Discussion



Aneurysms of upper limb arteries are mostly pseudoaneurysm due to invasive procedures, intravenous drug abuse or penetrating injury. True aneurysm of upper limb arteries especially distal to axillary artery is very rare.[2] Various causes have been postulated for true aneurysm in upper limb such as idiopathic, degenerative, repetitive trauma, congenital, and metabolic diseases.[1],[2],[3] It might be associated with diseases such as Kawasaki's syndrome, Buerger's disease, and cystic adventitial disease.[1] Previous case series have reported ulnar and radial artery to be most commonly involved artery distal to axillary artery[1],[2] and most of them are pseudoaneurysms. In a retrospective study of Kenyan population, the prevalence of radial artery aneurysms was around 2.9% of all aneurysms affecting the upper limb.[3] Patients with true upper extremity arterial aneurysms generally present with pulsatile mass with or without pain or paraesthesia from local nerve compression or distal ischemia from thromboembolic events.[4] Arterial aneurysm should always be included in the differential diagnosis of upper extremity embolic events.

The natural history of true aneurysm is not well defined due to its rarity however limited data suggest high incidence of symptoms and associated complications if left untreated.[1] Most likely complications are distal ischemia of upper limb due to embolization of intraluminal thrombus within the aneurysm or propagation of thrombus to the distal artery. Rarely, it can rupture due to trauma.[5] The diagnosis of true aneurysms can be confirmed by color duplex ultrasonography in most of the cases. Computed tomography and magnetic resonance angiogram are useful to delineate anatomy and rule out other site aneurysms. There is minimal morbidity associated with repair of aneurysm distal to axillary artery under regional anaesthesia. In view of the high incidence of symptoms if left untreated, routine operative repair should be performed.[6] Surgical treatment consists of resection and vascular reconstruction with or without venous graft. Ligation of aneurysm in distal most artery can perform if adequacy of collateral and distal perfusion is assured.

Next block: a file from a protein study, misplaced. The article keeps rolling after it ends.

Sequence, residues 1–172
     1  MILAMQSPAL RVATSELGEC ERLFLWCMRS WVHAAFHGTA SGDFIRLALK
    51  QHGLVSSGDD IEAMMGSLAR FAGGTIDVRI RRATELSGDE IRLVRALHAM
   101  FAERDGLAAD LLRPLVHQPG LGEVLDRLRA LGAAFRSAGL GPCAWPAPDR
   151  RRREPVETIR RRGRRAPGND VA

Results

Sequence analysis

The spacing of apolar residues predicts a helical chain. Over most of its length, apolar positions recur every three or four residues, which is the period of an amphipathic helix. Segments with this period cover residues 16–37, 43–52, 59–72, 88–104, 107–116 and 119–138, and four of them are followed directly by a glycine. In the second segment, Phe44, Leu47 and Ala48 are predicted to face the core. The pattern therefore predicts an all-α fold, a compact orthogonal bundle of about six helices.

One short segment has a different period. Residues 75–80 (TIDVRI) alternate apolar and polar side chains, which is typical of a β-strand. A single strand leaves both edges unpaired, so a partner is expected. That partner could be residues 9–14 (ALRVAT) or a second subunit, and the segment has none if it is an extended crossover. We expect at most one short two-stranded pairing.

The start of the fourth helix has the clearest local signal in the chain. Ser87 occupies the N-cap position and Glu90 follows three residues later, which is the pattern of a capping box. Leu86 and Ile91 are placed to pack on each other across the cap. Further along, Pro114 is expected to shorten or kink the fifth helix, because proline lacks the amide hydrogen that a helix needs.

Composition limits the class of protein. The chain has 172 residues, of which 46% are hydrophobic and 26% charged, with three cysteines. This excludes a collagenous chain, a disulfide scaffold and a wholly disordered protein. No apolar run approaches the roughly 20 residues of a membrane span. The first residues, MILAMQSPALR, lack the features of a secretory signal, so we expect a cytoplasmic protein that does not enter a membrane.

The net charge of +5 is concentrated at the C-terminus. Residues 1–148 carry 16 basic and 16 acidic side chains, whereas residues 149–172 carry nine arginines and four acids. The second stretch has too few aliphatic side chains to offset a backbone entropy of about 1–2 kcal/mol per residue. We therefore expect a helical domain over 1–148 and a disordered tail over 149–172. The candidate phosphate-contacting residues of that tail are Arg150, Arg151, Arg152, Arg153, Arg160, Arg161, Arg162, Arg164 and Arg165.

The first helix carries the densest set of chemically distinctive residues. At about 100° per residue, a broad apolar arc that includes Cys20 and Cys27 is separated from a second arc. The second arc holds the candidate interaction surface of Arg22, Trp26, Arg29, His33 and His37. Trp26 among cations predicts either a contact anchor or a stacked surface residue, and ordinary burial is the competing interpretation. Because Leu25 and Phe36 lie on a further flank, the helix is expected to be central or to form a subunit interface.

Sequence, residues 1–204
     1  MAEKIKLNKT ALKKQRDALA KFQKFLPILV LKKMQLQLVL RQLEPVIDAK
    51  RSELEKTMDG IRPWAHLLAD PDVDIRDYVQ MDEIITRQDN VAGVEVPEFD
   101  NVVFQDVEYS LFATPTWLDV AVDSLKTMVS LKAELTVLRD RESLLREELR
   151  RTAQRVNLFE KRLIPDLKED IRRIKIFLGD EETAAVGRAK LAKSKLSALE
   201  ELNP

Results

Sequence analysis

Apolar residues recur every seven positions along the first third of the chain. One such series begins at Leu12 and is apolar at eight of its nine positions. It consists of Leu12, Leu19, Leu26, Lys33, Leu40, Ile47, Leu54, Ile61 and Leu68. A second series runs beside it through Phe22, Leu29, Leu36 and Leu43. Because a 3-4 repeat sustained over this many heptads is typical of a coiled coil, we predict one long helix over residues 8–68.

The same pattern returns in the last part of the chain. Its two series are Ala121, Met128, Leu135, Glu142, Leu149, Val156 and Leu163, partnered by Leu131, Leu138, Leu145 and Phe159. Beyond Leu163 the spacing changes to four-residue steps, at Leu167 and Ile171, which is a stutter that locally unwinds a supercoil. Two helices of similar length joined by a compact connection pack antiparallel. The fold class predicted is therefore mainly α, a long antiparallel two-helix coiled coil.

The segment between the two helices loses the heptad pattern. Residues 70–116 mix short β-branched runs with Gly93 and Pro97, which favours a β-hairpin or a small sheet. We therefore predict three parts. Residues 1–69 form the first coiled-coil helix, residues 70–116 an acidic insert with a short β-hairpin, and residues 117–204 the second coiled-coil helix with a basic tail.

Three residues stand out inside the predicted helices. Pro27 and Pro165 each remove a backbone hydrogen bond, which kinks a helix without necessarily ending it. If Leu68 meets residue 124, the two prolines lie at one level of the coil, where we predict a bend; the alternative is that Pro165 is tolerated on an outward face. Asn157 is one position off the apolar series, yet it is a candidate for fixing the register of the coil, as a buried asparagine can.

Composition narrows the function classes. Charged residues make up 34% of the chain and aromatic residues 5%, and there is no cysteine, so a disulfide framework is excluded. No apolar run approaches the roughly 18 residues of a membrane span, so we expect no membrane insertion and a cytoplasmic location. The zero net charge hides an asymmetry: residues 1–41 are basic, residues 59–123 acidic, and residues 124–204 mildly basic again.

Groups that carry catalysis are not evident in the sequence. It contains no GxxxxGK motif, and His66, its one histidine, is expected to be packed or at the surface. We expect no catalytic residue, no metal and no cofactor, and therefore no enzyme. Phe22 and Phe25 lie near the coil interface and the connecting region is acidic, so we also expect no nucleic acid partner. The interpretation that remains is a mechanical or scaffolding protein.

Conclusion



True aneurysm of radial artery is very rare. Most of them require surgical treatment to relieve symptoms of pain and paraesthesia and prevent complications such as thromboembolism and limb ischemia. Resection of aneurysmal segment with vascular reconstruction is preferred surgical approach.

Declaration of patient consent

The authors certify that they have obtained all appropriate patient consent forms. In the form the patient(s) has/have given his/her/their consent for his/her/their images and other clinical information to be reported in the journal. The patients understand that their names and initials will not be published and due efforts will be made to conceal their identity, but anonymity cannot be guaranteed.

Financial support and sponsorship

Nil.

Conflicts of interest

There are no conflicts of interest.

References

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4Nishimura K, Hamasaki T, Fukino S. A case of true brachial artery aneurysm with severe left upper limb ischemia. Int J Angiol 2016;25:e180-e182.